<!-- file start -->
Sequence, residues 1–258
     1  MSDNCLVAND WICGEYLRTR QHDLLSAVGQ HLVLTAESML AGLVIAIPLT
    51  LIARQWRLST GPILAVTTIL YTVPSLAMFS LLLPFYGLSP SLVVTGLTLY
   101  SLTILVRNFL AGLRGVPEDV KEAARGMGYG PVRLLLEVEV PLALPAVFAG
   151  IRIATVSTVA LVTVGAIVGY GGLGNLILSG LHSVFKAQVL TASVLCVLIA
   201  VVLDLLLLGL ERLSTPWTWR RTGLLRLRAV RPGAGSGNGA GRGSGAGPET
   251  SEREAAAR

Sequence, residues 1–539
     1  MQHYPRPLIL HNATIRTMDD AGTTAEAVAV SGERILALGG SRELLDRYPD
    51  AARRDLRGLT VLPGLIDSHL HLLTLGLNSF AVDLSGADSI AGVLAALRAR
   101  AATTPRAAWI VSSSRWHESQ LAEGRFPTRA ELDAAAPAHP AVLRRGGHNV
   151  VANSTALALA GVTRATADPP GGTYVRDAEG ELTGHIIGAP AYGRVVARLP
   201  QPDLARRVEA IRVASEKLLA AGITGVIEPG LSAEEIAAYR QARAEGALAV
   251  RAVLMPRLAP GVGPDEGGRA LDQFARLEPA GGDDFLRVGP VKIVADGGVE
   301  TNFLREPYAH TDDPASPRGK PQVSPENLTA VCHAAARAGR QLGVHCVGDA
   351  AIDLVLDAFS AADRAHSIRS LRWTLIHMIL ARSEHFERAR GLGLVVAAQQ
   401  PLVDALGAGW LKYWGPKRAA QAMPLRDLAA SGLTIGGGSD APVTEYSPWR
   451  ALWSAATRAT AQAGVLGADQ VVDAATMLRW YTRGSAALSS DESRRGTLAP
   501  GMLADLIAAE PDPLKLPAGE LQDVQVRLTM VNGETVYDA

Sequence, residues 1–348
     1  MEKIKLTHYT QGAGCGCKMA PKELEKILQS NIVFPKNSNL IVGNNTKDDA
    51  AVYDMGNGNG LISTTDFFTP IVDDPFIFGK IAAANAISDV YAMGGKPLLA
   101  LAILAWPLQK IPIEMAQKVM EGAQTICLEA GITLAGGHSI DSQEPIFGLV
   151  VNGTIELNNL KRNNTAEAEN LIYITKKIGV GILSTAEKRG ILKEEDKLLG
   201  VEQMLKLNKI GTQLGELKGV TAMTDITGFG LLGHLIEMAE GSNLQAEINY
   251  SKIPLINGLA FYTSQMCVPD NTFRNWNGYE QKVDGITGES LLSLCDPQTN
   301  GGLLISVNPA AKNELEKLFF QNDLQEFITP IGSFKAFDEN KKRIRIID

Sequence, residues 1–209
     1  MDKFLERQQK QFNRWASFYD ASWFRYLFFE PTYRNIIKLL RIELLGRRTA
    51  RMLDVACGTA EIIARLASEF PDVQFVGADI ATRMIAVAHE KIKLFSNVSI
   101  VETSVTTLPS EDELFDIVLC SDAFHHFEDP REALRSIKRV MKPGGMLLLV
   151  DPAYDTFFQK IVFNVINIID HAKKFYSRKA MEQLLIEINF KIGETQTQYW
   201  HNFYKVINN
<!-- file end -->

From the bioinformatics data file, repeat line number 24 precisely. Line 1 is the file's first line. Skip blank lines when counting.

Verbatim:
   151  VNGTIELNNL KRNNTAEAEN LIYITKKIGV GILSTAEKRG ILKEEDKLLG